Tuesday, November 8, 2011

US Carbon Clock Setback 14 Years Despite Defeat Of Cap & Trade

While global carbon emissions spring forward, driven by enormous pollution from China and India, the USA carbon clock falls back 14 years, a significant and paradoxical development. The latest EIA data indicates that sharp drops of carbon pollution from coal (down 11% from the 2005 peak) and oil (down 14%) will rollback in 2011 USA total carbon pollution to 1998 or 1997 levels.

These large reductions in US emissions take place just as Republican Congressional gains make proposals for the national pricing of carbon pollution dead on arrival. Since national policies to price carbon pollution into energy have been defeated, what explains the reductions in US carbon pollution? And will the 2011 carbon totals be an aberration or part of a sustained trend of lower emissions?

Greater energy efficiency that has decreased USA energy consumption to about 2000 levels plus growing substitution of low carbon gas or zero carbon renewables for oil and coal have setback by 14 years the US carbon clock.

Sharp decreases in the prices of low or zero carbon fuels that compete with coal and oil have been vital to declining US emissions. Both natural gas and solar prices have declined 70% since 2008. Wind prices too have declined significantly.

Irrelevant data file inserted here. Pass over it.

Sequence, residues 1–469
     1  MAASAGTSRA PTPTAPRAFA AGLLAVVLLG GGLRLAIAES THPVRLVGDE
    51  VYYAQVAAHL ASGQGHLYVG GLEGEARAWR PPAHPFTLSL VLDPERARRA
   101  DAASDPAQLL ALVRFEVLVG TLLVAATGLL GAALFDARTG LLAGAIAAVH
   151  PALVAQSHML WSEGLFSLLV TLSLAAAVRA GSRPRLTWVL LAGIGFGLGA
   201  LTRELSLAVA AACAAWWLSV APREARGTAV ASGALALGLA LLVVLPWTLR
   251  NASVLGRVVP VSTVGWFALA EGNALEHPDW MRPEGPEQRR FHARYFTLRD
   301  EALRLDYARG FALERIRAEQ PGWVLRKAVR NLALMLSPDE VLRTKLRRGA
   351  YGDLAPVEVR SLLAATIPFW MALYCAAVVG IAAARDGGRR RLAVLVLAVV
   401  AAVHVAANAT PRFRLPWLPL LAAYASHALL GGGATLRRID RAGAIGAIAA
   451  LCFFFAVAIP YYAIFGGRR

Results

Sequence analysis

While natural gas, solar, wind took a quick elevator down to lower prices, coal and oil prices rose since 2003 or 2005, when oil and coal carbon emissions peaked in the USA. The combination of higher coal and oil prices and lower prices for competitive fuels is the economic foundation on which the lower carbon pollution trend rests. That foundation looks sustainable, since massive new supplies of shale gas will moderate natural gas prices and the pricing of solar in particular continues to drop rapidly.


  1. John, do you think the Regional Greenhouse Gas Initiative (cap & trade system in 10 northeastern states) has started to have an effect yet on total US emissions?

  2. The effect of RGGI on total US emissions would be small, very small to this point. The RGGI caps at this time are very soft. Most of the reductions nationally are coming in reduced coal and oil emissions. RGGI only deals with power plants, and there is actually little coal or oil in the RGGI states. The oil reductions reflect mainly reductions of emissions in transportation that is again not regulated by RGGI and gas displacing heating oil which also is not regulated by RGGI. Also Governor Christy has taken New Jersey out of RGGI. I think the Republican governor of Maine has wanted to do the same but I am not sure if Maine has formally left RGGI.